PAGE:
What To Look For In a College Savings Account

There are so many ways to save for college, it can be easy to get overwhelmed. Luckily, we cover the best modern college savings options to make your life easier.

October 22, 2020
Sootchy Team
What To Look For In a College Savings Account

Anyone who’s seen the exorbitant price tag on a college degree knows that paying for higher education is no easy task, even with years or decades in which to save up. Students can easily require more than a hundred thousand dollars to cover their college education, and the cost has been steadily increasing year after year, so there’s no telling how much parents of young children might need to shell out in 17 or 18 years. To help prepare for these costs, many parents look at different options to save, some of which can provide substantial returns on investments (tax-free, in a few cases). If you want to start setting aside resources to pay for your child’s education, you’re probably wondering, “What is the best type of account to save for college?” To find out, keep reading as the experts on college savings plans over at Sootchy provide answers to this important question.

Types of Accounts That Can Help You Save for College

To help you narrow down your options when choosing a college savings plan for your child or family member, we’ll look at the most popular account types and examine their effectiveness as financial tools for this particular goal. The following are some of the top accounts used to save for college:

Standard Savings Accounts

The most familiar type of account for parents of all stripes is the standard savings account available at almost every bank or credit union. Because of its ease of use, a savings account can be a handy way to set aside funds for any purpose, including college tuition, but these accounts suffer where returns are concerned. Most of these accounts earn interest at a rate well below 1%, with many offering as little as 0.05% APY on balances.

This can limit the usefulness of savings accounts for those looking to cover a significant cost as, even with the benefit of time, a traditional savings account won’t make you much money. However, it’s worth noting that these accounts can be used to cover expenses other education savings plans cannot, so they may be a useful supplement to your overall strategy.

529 Plans

Though they’re often treated like one tool, three savings options fall under the term “529 plan,” as all three were created through Section 529 of the Internal Revenue Code. Whichever kind you choose – the education savings plan, prepaid tuition plan, or ABLE account – you can use your plan to invest contributions and generate potentially significant returns, and best of all, your earnings can be put toward qualifying education expenses tax-free.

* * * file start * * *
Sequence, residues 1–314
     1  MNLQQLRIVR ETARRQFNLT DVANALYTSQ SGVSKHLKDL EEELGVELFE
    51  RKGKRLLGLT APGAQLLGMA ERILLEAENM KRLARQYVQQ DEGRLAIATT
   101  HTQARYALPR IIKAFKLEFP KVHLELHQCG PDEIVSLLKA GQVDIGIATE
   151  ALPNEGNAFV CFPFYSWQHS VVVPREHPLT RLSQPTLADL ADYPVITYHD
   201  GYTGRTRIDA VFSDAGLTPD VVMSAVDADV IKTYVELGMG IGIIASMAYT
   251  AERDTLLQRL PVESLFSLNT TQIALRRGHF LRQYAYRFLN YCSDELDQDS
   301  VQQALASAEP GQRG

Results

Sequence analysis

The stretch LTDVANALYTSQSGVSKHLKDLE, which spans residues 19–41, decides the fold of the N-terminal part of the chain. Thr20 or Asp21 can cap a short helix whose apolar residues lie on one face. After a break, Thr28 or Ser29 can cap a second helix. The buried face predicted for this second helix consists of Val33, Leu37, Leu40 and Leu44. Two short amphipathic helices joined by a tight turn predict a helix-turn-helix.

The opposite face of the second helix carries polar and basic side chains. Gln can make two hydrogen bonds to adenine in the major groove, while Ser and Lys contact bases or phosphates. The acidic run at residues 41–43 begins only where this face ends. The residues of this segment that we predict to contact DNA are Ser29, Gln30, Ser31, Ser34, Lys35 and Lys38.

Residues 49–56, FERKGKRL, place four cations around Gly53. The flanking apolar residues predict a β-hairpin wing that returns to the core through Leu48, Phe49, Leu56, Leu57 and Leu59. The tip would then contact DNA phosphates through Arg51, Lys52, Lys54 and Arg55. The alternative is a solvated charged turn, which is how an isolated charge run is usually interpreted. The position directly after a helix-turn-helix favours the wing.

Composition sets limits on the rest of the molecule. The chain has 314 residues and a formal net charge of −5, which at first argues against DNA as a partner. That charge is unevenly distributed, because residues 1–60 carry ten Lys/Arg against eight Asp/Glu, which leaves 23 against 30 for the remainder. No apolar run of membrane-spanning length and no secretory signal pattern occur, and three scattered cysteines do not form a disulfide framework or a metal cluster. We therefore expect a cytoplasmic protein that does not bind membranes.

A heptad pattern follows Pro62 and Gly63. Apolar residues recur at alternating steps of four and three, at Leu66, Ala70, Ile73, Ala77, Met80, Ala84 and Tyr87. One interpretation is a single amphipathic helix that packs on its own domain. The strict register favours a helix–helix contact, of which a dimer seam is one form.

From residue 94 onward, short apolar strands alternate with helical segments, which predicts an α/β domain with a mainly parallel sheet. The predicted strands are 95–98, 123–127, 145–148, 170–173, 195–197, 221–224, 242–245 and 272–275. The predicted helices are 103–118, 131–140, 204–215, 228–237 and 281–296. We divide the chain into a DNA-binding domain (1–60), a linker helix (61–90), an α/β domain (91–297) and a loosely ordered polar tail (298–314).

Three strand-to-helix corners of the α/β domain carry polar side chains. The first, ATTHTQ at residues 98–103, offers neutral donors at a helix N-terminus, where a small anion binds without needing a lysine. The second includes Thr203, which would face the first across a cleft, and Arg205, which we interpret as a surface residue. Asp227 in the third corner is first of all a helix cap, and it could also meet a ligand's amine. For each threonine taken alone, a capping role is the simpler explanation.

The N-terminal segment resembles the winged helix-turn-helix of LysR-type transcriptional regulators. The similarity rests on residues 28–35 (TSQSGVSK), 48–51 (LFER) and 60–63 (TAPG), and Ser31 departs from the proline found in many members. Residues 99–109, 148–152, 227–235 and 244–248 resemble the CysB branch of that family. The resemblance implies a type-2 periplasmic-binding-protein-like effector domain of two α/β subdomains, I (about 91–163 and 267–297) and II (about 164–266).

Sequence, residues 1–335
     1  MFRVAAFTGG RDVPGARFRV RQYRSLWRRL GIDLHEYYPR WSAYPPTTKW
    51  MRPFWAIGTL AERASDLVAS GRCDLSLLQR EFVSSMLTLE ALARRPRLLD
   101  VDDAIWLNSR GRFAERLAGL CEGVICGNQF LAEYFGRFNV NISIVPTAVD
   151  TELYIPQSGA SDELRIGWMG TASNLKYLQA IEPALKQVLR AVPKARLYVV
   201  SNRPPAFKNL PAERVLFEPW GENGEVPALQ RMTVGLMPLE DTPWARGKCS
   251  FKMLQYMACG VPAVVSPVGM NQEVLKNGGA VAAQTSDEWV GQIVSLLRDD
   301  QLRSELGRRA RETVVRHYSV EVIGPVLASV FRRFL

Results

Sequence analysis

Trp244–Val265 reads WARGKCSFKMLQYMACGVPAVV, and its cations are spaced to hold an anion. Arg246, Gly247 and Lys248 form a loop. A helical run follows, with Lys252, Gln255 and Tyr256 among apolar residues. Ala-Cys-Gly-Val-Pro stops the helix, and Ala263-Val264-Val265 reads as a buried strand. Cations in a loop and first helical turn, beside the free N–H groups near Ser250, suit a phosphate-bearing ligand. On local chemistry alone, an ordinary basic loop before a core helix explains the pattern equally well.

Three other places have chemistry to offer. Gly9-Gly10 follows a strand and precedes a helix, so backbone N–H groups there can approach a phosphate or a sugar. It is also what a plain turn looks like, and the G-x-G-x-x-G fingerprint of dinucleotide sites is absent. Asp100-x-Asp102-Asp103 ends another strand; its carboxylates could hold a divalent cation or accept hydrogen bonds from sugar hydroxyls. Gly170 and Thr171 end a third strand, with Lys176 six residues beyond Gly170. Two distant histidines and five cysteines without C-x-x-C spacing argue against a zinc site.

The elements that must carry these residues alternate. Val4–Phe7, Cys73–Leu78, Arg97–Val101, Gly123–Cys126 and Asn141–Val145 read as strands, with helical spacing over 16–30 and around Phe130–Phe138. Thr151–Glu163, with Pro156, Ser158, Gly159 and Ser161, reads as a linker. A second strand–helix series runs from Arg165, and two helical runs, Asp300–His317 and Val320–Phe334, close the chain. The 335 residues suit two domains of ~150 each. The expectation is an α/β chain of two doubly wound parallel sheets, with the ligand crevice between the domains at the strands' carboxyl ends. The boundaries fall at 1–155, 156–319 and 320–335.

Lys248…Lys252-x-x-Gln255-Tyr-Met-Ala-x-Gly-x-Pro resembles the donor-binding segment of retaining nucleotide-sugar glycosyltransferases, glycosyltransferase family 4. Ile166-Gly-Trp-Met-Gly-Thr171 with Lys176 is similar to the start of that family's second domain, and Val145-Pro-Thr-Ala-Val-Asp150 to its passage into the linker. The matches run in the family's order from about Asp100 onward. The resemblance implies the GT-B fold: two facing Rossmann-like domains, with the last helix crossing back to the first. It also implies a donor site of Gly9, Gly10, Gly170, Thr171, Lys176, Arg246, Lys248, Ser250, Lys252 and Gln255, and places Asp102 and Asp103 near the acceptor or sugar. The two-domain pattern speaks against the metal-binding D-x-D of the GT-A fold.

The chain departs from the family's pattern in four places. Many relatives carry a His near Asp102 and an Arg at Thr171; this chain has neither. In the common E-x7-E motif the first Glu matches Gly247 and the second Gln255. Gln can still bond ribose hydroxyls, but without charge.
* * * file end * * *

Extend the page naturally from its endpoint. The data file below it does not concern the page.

Each state offers one or more plans, so residents of any locale can shop around and browse a variety of options before settling on a plan that works for them. This flexibility – along with the accounts’ tax-advantaged status – makes 529 plans one of the most commonly used ways to save for college these days.

Coverdell Education Savings Account

In a lot of ways, a Coverdell Education Savings account functions as a lighter, more flexible version of the 529 plan. Like 529 accounts, Coverdell accounts grow tax-free, and their use won’t be taxed either, as long as they go toward the cost of education. Both plans can be used to help fund elementary or secondary education as well as college, but 529 plans can only go toward tuition at K-12 schools, while Coverdell accounts can be used for a variety of expenses.

However, there are some strict limitations on how much can be contributed to a Coverdell Education Savings account – up to $2,000 per year. By comparison, a parent or relative can add tens of thousands of dollars a year to a 529 plan, and the first $15,000 is free of any gift taxes. Also, the owner of a 529 account – whether a parent, guardian, or relative – retains control of those funds at all times, whereas the ownership of a Coverdell account transfers to the child once they reach age 18.

How to Choose the Right Account to Save for a College Education

In addition to the aforementioned account types, parents have a ton of options to help them save for their child’s college education, from UGMA custodial accounts to Roth IRAs and beyond. So how do you pick the right one, when so many tools are available? Ultimately, the best account to save for college is the one that delivers on three points:

• It lets you contribute whatever amount you want at whatever pace you want.

• It provides a solid rate of return on your investment.

• It can be used for the purposes you have in mind.

As you can see, the standards outlined above largely depend on your unique financial goals. If you only plan to add $1,500 a year to the account and want to put it toward a private high school, a Coverdell account could be a good choice, but if you want to save for college, contribute more than $2,000 a year, maximize your investment, and keep your child’s options open, a 529 education savings plan may be more appropriate. It all depends on what you’re looking for.

Download the Sootchy App to Open or Contribute to a 529 Plan Quickly and Easily

Although saving for college can be a dizzying endeavor, starting a 529 plan for your child doesn’t have to be. By working with the team at Sootchy, you can pick an account, add funds, manage your investment, and even allow relatives to donate, all through an easy-to-use smartphone app. Learn more by visiting Sootchy online or downloading our app today.



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